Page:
However, the rapid growth of the Society was followed by an equally rapid decline beginning in the mid-1840s. Several factors account for this demise. For one, Fr. Mathew began to experience financial difficulties, mostly arising from his campaign to establish temperance clubs and libraries across Ireland and in England. Mathew also encountered opposition from many of his fellow clerics in the church. Simply put, many priests opposed his absolutism on the issue of drink and instead favored moderation. Many priests also disliked the fact that some of Mathew’s biggest supporters were Protestants. The onset of the Great Famine beginning in 1845 likewise dealt a blow to Mathew’s crusade.
Of course, there was also the deeply rooted tradition of drink in Irish culture. For centuries Irish peasants had enjoyed drinking as an integral part of socializing, celebrating, and mourning. It was a custom not easily discarded. This was equally true in America, where Irish immigrants quickly established saloons and taverns as business enterprises and social centers. In Boston, for example, the number of licensed liquor dealers jumped from 850 in 1846 to 1,200 in 1849. Most of the new licensees were Irish.
Thus Fr. Mathew found that it was far easier to get millions to take the pledge than to get them to stick to it. By the time Mathew returned home in 1851, Ireland’s consumption of alcohol had returned to its level of the mid-1830s. Most of the Irish in America who took the pledge likewise stepped off the wagon.
Still, it would be inaccurate to say that Fr. Mathew’s efforts were all in vain. Quite the contrary, he succeeded in establishing a total abstinence tradition in Ireland and America that, although a decided minority position, continues to this day. As historian William V. Shannon once wrote: “For those Irishmen whose hard drinking has made this national trait proverbial in America, there has been an also large, but little-noticed, number of men who were teetotalers and of women whose detestation of the liquor habit among their menfolk was strong and abiding.”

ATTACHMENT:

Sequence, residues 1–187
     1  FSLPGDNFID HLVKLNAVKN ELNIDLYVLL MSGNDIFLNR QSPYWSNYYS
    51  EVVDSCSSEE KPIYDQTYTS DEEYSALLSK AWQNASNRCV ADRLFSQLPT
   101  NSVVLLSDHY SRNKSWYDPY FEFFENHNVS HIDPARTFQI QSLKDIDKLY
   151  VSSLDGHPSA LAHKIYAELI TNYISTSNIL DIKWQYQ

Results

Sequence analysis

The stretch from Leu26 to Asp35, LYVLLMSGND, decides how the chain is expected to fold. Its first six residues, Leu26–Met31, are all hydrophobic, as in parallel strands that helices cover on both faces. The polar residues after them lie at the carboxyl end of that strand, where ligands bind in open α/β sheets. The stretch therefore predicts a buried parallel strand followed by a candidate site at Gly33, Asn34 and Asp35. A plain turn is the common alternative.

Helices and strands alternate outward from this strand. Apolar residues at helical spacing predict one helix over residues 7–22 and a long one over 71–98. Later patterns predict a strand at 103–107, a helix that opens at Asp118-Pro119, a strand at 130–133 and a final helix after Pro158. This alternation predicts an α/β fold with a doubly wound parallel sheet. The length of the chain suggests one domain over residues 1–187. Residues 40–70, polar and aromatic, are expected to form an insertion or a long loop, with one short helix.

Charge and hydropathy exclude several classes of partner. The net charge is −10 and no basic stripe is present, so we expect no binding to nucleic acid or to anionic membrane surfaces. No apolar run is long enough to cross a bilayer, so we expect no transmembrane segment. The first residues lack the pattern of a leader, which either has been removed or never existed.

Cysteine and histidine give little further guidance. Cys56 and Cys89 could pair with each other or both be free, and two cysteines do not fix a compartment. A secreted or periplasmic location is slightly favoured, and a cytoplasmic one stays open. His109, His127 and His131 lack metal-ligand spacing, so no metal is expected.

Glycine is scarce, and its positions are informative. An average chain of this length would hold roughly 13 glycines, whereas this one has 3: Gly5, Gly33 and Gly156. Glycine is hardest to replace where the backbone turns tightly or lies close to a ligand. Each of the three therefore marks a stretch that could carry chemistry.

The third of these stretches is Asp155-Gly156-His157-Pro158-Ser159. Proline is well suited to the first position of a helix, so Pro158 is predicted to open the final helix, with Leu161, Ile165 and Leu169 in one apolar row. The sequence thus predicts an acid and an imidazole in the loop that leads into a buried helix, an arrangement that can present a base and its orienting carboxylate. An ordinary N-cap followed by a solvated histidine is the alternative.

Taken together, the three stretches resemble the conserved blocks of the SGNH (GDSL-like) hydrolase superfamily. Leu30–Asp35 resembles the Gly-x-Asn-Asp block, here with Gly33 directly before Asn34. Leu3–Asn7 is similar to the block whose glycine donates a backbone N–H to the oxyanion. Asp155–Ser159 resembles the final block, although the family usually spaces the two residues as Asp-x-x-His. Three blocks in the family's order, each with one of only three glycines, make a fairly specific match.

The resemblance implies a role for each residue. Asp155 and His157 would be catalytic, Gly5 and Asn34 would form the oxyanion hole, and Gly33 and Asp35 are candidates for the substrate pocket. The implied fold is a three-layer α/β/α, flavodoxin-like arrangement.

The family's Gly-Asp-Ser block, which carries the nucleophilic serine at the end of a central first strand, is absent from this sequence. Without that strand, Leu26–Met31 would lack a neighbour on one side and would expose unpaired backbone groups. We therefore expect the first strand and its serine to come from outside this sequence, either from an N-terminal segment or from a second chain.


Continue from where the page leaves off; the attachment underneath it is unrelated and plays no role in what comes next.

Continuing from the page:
Shortly after Fr. Mathew arrived back in Ireland, there was talk that he’d be made a bishop. But his health had so declined by this point that the idea was never pursued. Mathew soon retired and went to live with his brother in Cork. He died in December 1856.
HIBERNIAN HISTORY WEEK
April 12, 1847: The U.S. ship Jamestown, loaded with Famine relief supplies, arrives in Cork.
April 13, 1829: Catholic Emancipation takes effect, removing the last vestiges of the Penal Laws against Catholics in Ireland.
April 15, 1848: The Irish tricolor flag is flown for the first time in Dublin by members of the Young Ireland movement.
April 13, 1866: Playwright Samuel Beckett is born in Foxrock, Co. Dublin.
April 14, 1866: Teacher of Helen Keller, Anne Sullivan Macy, is born in Tuscumbia, Alabama.
April 16, 1871: Writer John Millington Synge is born in Rathfarnham, Co. Dublin.
Read about Ed O’Donnell’s new book, “1001 Things Everyone Should Know About Irish American History,” or contact him at www.EdwardTODonnell.com.